New study reveals ‘water pill’ could benefit kids with autism

2020-01-27 14:19
Girl drinking medication. (PHOTO: Getty/Gallo Images

Girl drinking medication. (PHOTO: Getty/Gallo Images

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A pill used to treat fluid build-up shows great promise in treating autism symptoms in children.

A study published this month in the journal Translational Psychiatry has found that bumetanide, a drug used to treat swelling and heart failure, could improve the treatment of symptoms of autism spectrum disorder (ASD) in children.

ASD is a condition that causes neurological and developmental delays.

The condition is typically identified through poor social communication and results in difficulty with nonverbal communication and emotional sharing.

According to News Medical, this is the first time that any drug has been shown to improve ASD symptoms and promote social integration during the development of a child’s brain.

The “water pill” has been used for nearly four decades to treat edema, which is the build-up of fluid in the body.

The research found that in autistic children the drug helps nerve cells communicate by correcting an imbalance between the brain’s chemical messengers, the Daily Mail reports.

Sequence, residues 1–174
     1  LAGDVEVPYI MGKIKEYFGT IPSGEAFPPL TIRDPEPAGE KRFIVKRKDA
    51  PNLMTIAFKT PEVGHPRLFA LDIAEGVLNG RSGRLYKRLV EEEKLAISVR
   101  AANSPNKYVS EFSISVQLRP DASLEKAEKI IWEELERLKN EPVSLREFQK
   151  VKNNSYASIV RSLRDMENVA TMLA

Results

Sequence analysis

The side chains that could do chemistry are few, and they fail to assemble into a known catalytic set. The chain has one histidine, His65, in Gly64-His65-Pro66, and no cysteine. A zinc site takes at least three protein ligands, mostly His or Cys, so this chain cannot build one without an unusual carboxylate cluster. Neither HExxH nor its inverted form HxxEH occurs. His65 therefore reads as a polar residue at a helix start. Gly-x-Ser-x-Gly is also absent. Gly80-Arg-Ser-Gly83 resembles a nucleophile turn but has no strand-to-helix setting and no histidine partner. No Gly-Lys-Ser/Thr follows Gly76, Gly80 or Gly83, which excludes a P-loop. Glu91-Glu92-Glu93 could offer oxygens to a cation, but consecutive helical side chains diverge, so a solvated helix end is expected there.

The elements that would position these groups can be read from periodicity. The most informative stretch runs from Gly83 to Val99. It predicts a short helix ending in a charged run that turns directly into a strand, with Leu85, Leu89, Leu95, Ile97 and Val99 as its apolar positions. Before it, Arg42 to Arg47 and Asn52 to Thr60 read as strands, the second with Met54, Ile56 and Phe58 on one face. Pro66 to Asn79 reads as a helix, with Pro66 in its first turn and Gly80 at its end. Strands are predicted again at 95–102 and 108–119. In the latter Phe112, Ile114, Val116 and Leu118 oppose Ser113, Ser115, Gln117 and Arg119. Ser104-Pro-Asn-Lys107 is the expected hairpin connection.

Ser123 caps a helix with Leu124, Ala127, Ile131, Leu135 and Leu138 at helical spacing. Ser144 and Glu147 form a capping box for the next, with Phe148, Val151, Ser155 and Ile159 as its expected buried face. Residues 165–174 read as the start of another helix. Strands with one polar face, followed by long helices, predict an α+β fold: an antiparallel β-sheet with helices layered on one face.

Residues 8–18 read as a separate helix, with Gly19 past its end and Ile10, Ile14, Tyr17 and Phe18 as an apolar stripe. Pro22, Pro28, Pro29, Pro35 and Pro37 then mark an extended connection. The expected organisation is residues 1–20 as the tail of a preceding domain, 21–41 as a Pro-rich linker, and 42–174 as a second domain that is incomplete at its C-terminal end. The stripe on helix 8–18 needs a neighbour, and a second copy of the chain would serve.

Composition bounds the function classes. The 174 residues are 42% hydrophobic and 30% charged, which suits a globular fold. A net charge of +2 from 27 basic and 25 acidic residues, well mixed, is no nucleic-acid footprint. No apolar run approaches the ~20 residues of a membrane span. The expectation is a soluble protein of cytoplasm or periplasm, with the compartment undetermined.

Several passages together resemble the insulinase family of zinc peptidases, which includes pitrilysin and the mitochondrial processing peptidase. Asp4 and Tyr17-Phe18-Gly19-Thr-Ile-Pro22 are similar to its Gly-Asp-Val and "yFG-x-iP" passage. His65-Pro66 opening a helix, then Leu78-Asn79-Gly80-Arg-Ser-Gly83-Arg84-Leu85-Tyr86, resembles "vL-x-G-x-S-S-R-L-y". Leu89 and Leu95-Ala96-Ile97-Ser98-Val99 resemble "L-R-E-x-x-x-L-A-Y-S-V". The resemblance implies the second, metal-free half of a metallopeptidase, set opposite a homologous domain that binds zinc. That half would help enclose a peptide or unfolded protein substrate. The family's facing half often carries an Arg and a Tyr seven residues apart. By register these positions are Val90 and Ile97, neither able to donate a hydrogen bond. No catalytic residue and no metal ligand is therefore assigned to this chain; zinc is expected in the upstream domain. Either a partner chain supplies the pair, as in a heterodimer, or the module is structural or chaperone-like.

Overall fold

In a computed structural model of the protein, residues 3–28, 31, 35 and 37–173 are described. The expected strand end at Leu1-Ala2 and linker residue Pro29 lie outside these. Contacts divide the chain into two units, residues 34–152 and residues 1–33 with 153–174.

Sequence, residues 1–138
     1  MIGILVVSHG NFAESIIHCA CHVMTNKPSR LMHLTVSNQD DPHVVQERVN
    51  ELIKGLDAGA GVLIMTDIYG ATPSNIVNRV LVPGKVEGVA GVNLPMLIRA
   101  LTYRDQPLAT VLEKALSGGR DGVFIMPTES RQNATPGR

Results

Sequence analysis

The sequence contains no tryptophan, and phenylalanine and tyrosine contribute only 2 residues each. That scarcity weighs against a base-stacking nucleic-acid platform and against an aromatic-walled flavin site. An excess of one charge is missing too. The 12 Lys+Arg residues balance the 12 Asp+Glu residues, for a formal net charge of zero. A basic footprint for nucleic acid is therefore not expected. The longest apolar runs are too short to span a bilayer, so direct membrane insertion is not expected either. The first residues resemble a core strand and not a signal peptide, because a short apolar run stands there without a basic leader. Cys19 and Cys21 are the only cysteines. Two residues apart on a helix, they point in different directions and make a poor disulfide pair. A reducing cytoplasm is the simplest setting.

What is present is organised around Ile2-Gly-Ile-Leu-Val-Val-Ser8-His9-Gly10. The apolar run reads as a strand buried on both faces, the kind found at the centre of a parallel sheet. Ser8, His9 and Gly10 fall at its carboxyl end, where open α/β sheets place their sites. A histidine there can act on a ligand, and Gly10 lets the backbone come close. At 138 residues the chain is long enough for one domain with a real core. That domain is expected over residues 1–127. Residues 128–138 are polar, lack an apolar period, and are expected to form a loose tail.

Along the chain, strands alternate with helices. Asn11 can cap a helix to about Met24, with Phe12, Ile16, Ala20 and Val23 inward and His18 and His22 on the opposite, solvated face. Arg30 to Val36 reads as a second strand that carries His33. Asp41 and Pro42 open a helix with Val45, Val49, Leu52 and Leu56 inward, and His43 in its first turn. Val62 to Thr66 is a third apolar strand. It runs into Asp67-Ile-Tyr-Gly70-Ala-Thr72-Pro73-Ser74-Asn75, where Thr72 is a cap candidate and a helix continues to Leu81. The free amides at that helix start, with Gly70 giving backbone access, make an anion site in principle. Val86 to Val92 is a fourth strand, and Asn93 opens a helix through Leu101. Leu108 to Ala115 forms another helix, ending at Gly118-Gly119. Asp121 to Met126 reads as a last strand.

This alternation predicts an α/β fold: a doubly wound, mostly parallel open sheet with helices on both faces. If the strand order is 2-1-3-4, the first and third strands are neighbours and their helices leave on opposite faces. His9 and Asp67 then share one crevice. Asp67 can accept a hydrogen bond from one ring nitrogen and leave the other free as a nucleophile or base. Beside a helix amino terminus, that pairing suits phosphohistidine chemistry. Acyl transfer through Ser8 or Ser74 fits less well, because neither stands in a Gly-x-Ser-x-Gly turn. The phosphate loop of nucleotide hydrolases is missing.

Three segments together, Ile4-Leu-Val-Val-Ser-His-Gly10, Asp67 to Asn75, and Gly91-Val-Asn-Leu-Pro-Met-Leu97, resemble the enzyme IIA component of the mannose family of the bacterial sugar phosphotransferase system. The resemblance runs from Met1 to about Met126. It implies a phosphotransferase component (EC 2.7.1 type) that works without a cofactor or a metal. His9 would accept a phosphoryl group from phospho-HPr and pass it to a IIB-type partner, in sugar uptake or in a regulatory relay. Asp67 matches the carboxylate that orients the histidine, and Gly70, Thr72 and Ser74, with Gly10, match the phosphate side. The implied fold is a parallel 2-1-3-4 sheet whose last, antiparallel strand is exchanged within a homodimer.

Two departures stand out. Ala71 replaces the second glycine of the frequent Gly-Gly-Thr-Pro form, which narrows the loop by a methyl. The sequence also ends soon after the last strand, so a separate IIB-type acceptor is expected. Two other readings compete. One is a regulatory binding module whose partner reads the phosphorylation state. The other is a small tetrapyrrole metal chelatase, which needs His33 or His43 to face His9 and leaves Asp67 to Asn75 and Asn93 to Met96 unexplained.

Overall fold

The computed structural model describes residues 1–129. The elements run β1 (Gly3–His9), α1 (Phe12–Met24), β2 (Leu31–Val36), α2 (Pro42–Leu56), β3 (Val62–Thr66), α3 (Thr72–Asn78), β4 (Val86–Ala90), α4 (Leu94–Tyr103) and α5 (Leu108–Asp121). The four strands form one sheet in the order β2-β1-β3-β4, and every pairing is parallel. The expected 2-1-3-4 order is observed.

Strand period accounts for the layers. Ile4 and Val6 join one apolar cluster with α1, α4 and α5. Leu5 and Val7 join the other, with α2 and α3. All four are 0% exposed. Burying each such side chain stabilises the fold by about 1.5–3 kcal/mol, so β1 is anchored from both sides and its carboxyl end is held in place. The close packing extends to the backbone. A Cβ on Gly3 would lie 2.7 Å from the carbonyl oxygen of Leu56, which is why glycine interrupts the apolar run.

Dr Fei Li, a lead author of the study, says the medication has shown no significant side effects and is relatively cost-effective.

“I have many children with autism spectrum disorder under my care,” Dr Fei said.

“But as psychological treatment resources are not available in many places, we are unable to offer them treatment. An effective and safe treatment will be very good news for them.

“In future we hope to be able to ensure all families, regardless of where they are living, can receive treatment for their child.”

According to The Star Academy, 1 in 59 children may have ASD with boys being four times more likely to be diagnosed than girls.

Current treatments for children with ASD are mainly behavioural interventions using play and joint activities between parents and children to improve language, social and cognitive skills.

Source: Translational Psychiatry, News Medical, Daily Mail, The Star Academy


Read more on:    autism spectrum disorder

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